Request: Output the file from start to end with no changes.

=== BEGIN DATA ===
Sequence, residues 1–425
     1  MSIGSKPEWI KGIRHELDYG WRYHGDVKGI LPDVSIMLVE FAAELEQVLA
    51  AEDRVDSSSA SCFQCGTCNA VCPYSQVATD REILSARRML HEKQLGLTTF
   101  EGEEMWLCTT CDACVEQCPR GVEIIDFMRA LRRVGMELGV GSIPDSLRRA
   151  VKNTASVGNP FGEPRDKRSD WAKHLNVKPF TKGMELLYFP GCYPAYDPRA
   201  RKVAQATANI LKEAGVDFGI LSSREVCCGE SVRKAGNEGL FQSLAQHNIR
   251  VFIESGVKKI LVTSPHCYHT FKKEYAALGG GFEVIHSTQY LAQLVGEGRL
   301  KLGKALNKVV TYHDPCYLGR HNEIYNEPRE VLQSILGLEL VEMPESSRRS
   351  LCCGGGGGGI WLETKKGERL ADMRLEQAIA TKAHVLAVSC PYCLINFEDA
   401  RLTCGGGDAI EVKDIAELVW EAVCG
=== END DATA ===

Sequence, residues 1–425
     1  MSIGSKPEWI KGIRHELDYG WRYHGDVKGI LPDVSIMLVE FAAELEQVLA
    51  AEDRVDSSSA SCFQCGTCNA VCPYSQVATD REILSARRML HEKQLGLTTF
   101  EGEEMWLCTT CDACVEQCPR GVEIIDFMRA LRRVGMELGV GSIPDSLRRA
   151  VKNTASVGNP FGEPRDKRSD WAKHLNVKPF TKGMELLYFP GCYPAYDPRA
   201  RKVAQATANI LKEAGVDFGI LSSREVCCGE SVRKAGNEGL FQSLAQHNIR
   251  VFIESGVKKI LVTSPHCYHT FKKEYAALGG GFEVIHSTQY LAQLVGEGRL
   301  KLGKALNKVV TYHDPCYLGR HNEIYNEPRE VLQSILGLEL VEMPESSRRS
   351  LCCGGGGGGI WLETKKGERL ADMRLEQAIA TKAHVLAVSC PYCLINFEDA
   401  RLTCGGGDAI EVKDIAELVW EAVCG